By Hosting Our Content Paul Edmondson

You Opted-In to Our Eight Writers' Conditions

Ben, Seth, and Paul E. discuss the writers contract (Cartoon)
Credit: RoseWrites on InfoBarrel (formerly sousababy on Squidoo) / All rights reserved

Are You Sick of

the Rules Changing?

For every former Squidoo author who is now on HubPages, this article is for you.

It's time we wrote our own contract and held site owners accountable to the terms of using our content.

You will find that this contract parallels the ever-changing rules that both Squidoo and HubPages have come up with to profit from not only our work, but our identity and our user information.

So grab your calculator; you'll want to add up the monies you are owed.

You Cannot Sell What You Don't Own

From Squidoo's Terms of Service:

The Content (We OWN it, not Seth Godin)
Credit: RoseWrites on InfoBarrel (formerly sousababy on Squidoo)

Remember This Mr. Godin?

Squidoo Privacy Policy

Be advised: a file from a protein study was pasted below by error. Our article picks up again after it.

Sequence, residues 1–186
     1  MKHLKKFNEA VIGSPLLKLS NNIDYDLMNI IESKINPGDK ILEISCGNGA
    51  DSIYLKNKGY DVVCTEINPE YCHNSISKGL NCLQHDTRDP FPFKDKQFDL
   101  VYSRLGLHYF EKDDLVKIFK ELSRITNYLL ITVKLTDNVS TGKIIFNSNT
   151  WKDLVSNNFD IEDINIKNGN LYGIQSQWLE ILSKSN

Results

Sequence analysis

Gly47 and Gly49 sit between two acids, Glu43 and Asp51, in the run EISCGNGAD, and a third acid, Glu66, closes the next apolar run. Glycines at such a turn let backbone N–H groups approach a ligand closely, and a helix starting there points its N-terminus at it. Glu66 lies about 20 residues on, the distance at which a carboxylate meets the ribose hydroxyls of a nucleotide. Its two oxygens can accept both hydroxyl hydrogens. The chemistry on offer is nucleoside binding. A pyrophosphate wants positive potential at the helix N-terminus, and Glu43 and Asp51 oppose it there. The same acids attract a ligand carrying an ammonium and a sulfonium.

Credit: RoseWrites on InfoBarrel (formerly sousababy on Squidoo)
Squidoo is Now Part of HubPages
Credit: RoseWrites on InfoBarrel (formerly sousababy on Squidoo)

But Squidoo is Now HubPages

That could mean HubPages is on the hook for our monetary losses (although I could be wrong). Paul, you might want to ask Seth for your money back.

Unfortunately for Paul Edmondson, the laws of California are fairly strict. As pointed out in my Satirical Examination of HubPages:

"It was illegal for Paul Edmondson et al. to buy user information and content from anyone other than the content owners/authors. And it is also illegal to receive, conceal, sell, or withhold any property (content) that he knows has been stolen.

What's more, to turn a profit from this content is an even more punishable offence."